Mr Biyani further stated that other than this, there are several other measures which could benefit the Textile Industry, but which appear to be work in progress at this point of time – such as the Technical Textile Mission, a review of the Rules of Origin especially in our FTAs, a review of cheap imports of goods being made by our MSME Sector, refund of all the Taxes and Levies for Exports, and the targeting of making every District an Export hub. The proposed financing of Invoices of the MSME Sector could again be a huge benefit to the industry, which is largely comprised of the MSME Units. If indeed all these plans fructify as per the stated goals and objectives, this could be a landmark Budget for the Industry.
This year’s Budget allocates Rs 700 crore for Amended Technology Upgradation Scheme (ATUFs) against Rs 545 crore in the last one, which will help clear the pending capital subsidy. It earmarks Rs 30 crore for Export Promotion Studies against Rs 5 crore in the last Budget, and Rs 100 crore for Integrated Scheme for Skill Development. “With the active support and cooperation of the government, the textile industry will become globally competitive, attract large investments and boost employment generation and exports in the years ahead,” the Northern India Textile Mills’ Association (NITMA) President Sanjay Garg said. “Basic customs duty (BCD) rates on caprolactam, nylon chips and nylon fibre and yarn will be uniformly reduced to 5% to spur textile industry, MSMEs, and exports,” he said.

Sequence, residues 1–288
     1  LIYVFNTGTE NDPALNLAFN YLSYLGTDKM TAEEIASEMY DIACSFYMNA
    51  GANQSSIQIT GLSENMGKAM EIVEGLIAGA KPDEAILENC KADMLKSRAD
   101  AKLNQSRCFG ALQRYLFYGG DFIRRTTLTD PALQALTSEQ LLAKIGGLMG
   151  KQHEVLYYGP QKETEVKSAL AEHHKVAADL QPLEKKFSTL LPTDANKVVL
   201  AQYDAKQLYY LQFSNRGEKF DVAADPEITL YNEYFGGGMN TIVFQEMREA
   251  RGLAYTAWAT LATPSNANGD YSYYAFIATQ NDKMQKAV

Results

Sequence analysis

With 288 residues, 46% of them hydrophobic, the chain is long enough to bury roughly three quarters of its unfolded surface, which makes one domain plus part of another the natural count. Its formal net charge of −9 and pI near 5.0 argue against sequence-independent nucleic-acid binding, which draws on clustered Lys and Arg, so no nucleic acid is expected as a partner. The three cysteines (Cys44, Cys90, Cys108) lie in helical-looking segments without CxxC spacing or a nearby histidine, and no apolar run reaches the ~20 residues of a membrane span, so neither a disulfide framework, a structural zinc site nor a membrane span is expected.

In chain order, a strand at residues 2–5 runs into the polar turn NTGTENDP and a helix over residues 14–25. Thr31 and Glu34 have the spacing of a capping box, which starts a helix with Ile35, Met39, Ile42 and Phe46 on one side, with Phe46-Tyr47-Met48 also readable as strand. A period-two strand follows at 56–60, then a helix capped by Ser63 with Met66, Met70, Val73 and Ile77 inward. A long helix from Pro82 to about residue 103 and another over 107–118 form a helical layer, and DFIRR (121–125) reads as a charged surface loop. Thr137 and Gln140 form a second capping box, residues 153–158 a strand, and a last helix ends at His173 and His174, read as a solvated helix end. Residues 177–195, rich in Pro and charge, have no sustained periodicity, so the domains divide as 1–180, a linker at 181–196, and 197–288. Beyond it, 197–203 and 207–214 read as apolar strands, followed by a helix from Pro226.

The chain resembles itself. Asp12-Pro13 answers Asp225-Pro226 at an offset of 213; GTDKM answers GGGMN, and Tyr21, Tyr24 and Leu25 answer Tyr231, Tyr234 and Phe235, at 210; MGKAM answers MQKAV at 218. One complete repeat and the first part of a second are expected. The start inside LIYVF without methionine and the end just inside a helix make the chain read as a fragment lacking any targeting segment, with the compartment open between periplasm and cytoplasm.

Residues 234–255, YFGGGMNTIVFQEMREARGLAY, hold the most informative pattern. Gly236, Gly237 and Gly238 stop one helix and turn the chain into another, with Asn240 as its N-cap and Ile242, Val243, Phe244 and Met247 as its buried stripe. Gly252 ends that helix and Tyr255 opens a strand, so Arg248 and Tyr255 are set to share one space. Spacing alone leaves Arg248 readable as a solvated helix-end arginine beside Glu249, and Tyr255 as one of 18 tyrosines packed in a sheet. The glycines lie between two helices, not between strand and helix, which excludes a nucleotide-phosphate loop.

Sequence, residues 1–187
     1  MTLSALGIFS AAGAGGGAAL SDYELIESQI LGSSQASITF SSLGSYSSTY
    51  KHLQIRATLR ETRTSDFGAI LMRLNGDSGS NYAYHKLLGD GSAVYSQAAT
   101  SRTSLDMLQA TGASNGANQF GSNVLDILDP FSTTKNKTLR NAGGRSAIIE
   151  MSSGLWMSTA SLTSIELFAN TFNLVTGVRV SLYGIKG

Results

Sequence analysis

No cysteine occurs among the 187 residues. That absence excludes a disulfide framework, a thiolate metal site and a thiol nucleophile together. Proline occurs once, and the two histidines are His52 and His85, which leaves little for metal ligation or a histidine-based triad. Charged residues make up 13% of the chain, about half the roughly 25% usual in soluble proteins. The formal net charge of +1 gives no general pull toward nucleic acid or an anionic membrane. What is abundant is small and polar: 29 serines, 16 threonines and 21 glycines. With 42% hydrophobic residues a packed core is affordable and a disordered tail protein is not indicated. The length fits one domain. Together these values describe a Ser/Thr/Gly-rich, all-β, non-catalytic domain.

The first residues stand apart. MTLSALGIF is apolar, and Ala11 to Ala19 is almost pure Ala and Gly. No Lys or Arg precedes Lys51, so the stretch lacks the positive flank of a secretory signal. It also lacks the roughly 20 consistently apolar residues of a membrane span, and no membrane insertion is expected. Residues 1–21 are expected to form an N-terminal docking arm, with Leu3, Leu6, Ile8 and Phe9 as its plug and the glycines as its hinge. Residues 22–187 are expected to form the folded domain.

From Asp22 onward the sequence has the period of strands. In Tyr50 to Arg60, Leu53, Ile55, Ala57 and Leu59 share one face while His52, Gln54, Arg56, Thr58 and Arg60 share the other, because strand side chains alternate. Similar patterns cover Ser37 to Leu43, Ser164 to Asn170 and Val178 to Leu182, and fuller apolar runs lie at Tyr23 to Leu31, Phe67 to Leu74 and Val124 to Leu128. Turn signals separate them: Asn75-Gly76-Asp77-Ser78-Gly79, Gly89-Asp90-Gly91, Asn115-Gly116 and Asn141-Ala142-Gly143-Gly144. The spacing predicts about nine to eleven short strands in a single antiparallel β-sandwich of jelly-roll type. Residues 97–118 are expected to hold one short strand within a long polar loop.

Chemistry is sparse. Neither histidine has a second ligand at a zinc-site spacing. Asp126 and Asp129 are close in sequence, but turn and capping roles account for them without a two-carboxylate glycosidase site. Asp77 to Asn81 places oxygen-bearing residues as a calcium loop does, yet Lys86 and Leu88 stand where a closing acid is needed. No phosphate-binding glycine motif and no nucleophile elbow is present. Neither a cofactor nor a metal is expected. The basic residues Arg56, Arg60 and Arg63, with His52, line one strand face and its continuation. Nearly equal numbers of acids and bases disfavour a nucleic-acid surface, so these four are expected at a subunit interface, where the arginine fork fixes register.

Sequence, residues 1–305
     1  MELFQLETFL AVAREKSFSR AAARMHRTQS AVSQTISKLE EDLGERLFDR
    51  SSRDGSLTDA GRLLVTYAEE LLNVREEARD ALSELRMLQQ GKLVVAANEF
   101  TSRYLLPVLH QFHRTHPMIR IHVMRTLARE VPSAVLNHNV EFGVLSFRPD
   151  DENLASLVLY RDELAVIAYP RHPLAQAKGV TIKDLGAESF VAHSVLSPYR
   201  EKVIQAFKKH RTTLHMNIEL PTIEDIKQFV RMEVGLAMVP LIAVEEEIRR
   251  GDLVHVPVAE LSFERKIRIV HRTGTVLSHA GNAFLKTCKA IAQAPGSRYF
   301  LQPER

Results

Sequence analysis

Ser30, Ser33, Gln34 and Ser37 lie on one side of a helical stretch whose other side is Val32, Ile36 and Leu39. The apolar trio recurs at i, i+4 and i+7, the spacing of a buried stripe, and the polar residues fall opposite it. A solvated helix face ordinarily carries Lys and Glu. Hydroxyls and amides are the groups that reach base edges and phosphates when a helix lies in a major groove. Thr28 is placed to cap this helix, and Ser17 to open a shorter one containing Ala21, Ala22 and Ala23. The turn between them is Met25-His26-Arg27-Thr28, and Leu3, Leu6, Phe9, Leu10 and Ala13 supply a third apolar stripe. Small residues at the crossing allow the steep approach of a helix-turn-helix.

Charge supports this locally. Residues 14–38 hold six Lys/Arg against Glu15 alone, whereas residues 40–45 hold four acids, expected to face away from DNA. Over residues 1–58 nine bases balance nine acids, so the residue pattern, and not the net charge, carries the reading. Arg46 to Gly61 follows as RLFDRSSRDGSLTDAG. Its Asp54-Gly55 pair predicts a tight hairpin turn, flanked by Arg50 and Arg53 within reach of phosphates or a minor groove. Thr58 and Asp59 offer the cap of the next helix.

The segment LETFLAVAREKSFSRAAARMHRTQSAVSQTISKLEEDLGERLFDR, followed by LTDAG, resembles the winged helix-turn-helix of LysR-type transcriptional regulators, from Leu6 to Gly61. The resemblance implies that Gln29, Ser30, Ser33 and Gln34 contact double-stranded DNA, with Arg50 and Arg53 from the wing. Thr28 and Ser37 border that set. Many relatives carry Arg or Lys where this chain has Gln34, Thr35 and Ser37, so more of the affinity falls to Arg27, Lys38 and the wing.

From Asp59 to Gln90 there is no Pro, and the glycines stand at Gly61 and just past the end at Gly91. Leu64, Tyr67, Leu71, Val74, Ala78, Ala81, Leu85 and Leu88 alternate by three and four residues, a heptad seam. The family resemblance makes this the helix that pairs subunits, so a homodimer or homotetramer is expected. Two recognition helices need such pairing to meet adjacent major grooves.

“The Production Linked Incentive (PLI) scheme for man-made fibres and technical textiles with a total outlay of Rs10,683 crore will help the textile industry become globally competitive, attract large investments and boost employment generation. Moreover, to achieve the target of $350 billion from the current size of $167 billion, our manufacturing sector has to grow in double digits on a sustained basis. Our manufacturing companies need to become an integral part of global supply chains, possess core competence and cutting-edge technology,” CITI chairman Rajkumar said. He added that the reduction in customs duty on caprolactam, nylon chips and nylon fibre and yarn to 5 % is a step in the right direction, as it will bring nylon chain on a par with polyester and other man-made fibres.